Doug: What do you see as the highlights of Prince’s career? The lowlights? My own favorite is Sign O’ the Times, and now I’m happy to have the image in my mind of that record connecting with teenaged Matt Thorne. Lowlight might be that whole name-symbol thing, or possibly sitting through Graffiti Bridge.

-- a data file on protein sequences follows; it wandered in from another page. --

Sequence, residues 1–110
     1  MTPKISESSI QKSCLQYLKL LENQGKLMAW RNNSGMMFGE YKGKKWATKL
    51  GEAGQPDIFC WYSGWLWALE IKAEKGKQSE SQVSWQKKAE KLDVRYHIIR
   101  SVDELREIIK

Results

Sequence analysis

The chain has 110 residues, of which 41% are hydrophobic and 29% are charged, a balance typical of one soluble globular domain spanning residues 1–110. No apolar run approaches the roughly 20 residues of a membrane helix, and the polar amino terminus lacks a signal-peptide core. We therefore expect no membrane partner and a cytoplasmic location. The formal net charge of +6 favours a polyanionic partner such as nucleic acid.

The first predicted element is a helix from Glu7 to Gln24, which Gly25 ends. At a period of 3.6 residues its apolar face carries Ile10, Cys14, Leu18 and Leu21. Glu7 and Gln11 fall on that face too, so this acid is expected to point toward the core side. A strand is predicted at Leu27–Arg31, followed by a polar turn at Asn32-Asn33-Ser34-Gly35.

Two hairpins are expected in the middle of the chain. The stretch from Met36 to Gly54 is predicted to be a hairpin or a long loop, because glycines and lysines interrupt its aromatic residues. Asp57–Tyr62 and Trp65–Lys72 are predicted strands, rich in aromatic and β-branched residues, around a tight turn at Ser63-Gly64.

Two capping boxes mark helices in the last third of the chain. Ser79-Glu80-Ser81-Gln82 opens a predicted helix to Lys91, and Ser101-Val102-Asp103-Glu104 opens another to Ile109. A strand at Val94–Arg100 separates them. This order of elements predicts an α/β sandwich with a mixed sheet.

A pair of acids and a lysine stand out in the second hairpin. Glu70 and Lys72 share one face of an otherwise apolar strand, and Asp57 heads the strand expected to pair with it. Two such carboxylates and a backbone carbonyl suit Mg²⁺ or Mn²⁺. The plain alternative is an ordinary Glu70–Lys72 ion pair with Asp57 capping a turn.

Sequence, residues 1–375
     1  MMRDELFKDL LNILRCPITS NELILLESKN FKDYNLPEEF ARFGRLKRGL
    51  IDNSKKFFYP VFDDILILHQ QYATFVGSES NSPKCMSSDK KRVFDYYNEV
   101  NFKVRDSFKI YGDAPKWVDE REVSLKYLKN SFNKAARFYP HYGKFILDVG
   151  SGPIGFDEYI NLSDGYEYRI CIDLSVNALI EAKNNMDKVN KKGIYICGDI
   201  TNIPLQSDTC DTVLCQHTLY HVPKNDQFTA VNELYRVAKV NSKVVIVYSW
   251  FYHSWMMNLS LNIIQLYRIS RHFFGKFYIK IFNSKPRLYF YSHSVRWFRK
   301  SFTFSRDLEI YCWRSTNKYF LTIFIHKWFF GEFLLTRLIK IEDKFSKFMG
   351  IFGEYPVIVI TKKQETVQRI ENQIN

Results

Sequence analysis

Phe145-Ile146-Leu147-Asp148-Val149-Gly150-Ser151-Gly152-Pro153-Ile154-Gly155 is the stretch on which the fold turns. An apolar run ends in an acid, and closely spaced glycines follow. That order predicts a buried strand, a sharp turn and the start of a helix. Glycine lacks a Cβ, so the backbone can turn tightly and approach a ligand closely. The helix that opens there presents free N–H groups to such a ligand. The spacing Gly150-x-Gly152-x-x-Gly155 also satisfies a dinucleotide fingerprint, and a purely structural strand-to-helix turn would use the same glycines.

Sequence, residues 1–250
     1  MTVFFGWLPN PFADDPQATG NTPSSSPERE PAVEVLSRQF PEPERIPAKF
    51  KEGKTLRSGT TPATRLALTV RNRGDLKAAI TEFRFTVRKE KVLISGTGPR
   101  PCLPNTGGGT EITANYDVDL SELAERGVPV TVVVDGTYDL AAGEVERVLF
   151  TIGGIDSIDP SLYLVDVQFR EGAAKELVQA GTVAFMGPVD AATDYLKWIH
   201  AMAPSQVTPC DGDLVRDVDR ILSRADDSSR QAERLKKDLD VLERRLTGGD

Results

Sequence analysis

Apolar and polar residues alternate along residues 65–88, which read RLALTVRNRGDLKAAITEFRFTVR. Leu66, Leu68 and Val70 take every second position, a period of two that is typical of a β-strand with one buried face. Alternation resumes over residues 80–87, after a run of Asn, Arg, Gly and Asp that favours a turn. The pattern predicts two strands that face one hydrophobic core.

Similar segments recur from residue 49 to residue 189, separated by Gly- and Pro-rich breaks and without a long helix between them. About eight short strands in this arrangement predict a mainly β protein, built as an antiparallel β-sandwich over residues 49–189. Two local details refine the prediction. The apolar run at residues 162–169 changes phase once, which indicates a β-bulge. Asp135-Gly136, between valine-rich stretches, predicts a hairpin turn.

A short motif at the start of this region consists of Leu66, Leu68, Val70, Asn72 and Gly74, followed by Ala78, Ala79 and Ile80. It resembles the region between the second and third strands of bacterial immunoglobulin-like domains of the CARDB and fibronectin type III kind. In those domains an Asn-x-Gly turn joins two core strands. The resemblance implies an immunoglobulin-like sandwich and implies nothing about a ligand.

Matt: The movie or the album? If the latter, I understand. For me, and I think the majority of music fans, the absolute highlight is the run of albums he recorded from ‘78’s For You to ’88 Lovesexy. That stretch of albums represents an achievement you could put against any run of albums by anyone ever. But part of the reason I wrote this book is that I think there is just as much of interest in the records he’s released since then, even if it’s not as consistent when you take it album by album. On the albums from For You to Lovesexy, that first decade of his career, we now know that what he left off those records was as significant as what he included. After ’88, the albums become less consistent (with some exceptions), but some of the highlights are better than anything in the earlier part of his career. As for lowlights, it’s always tricky to say with certainty that any one era of Prince’s music is substandard as it frequently emerges that he was recording great songs at that time, but putting them in the Vault instead of releasing them.